In the early 1880s, a family of rustlers by the name of Ross was operating in the lower Chickasaw Nation, stealing horses, mules, and even pigs, and then running the larger animals over the Texas line and selling them to specific livery stables. When the heat was put on them, they moved north. While passing through the Middle Washita River valley, one of their members was shot and killed by Sam Paul and Fred Waite. Sam was an Indian Policeman and acting on information received by a cowboy working for one of the victims who had tracked the outfit from near the Red River to Cherokee Town. After the shooting this bunch, which was traveling by wagon caravan, went west to the Chisholm Trail, turned south and moved into Clay County, Texas, where they started stealing horses. The gang left Texas with about 40 head of horses, including 2 horses and 2 mules from a man named J. H. Herrin (or Herron) The Rosses were pursued by Herrin who tracked them to Fort Sill, then picked up on them again in Caldwell, Kansas. Herrin and U. S. Marshal Cash Hollister located them at Hunnewell, but not before two of the gang had gone ahead to Wichita to sell some of the booty. Hollister went back to Caldwell and picked up a posse which included Fred Waite's old buddy, Henry Brown, then City Marshall of Caldwell. A gun fight ensued and one of the Ross boys was killed and the other wounded. Bill O'Neal, in an "Encyclopedia of Western Gunfighters," University of Oklahoma Press wrote about the Kansas escapades but the Chickasaw Nation part is new info I located.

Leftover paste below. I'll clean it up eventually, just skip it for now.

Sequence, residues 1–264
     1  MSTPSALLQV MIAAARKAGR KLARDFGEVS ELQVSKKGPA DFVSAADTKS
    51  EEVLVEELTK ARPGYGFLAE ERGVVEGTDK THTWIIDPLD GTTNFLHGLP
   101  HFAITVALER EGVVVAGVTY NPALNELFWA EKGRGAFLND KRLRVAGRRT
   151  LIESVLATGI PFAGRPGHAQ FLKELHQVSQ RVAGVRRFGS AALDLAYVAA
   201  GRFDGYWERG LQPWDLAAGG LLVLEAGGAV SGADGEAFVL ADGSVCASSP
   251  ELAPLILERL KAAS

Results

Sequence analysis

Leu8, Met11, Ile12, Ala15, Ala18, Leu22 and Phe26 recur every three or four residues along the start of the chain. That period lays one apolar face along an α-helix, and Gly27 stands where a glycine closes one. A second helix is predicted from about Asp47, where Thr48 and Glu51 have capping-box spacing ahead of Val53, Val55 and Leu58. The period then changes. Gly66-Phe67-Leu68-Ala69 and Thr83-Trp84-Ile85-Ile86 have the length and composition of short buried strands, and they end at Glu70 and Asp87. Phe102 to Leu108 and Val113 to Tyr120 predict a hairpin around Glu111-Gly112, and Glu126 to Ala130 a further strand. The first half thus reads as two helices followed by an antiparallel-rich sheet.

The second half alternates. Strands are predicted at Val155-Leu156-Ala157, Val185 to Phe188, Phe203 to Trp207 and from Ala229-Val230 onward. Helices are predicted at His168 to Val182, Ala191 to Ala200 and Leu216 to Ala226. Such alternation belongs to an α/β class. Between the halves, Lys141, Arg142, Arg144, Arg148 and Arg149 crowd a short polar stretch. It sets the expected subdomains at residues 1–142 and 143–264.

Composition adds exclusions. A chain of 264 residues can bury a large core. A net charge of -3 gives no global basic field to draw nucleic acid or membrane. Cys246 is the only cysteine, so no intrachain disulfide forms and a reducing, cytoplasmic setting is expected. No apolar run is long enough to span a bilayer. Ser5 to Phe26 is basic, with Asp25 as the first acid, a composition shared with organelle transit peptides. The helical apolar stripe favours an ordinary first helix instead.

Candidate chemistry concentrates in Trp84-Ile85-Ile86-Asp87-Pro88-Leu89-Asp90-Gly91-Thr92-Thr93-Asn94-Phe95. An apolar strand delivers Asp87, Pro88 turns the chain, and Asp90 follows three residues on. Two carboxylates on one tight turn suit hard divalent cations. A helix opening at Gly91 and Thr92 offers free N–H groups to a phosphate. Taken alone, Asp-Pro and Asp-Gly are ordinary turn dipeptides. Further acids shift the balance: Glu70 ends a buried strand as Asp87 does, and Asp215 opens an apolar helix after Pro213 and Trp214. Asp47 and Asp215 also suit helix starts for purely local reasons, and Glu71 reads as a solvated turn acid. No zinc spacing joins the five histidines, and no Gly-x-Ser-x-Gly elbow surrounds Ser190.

Just realized I gave the wrong reference--it should be: Nyle H. Miller and Joseph W. Snell, "Great Gunfighters of the Kansas Cowtowns, 1867-1886" (University of Nebraska Press, Lincoln 1963)
They - the outlaws - have had a trail of line houses - places where they could leave their goods for safe keeping for about as long as there have been people here. Pat Hennessey's freight wagon stock was being peddled in Wichita Kan. about three weeks after he was killed, and it wern't by Indians. Then there is honest Bill Tilghman, didn't know how the stolen cattle - 300 hundred head - got on the back side of his place in Kansas. One could go on and on about organized crime from before the Civil War to the present day.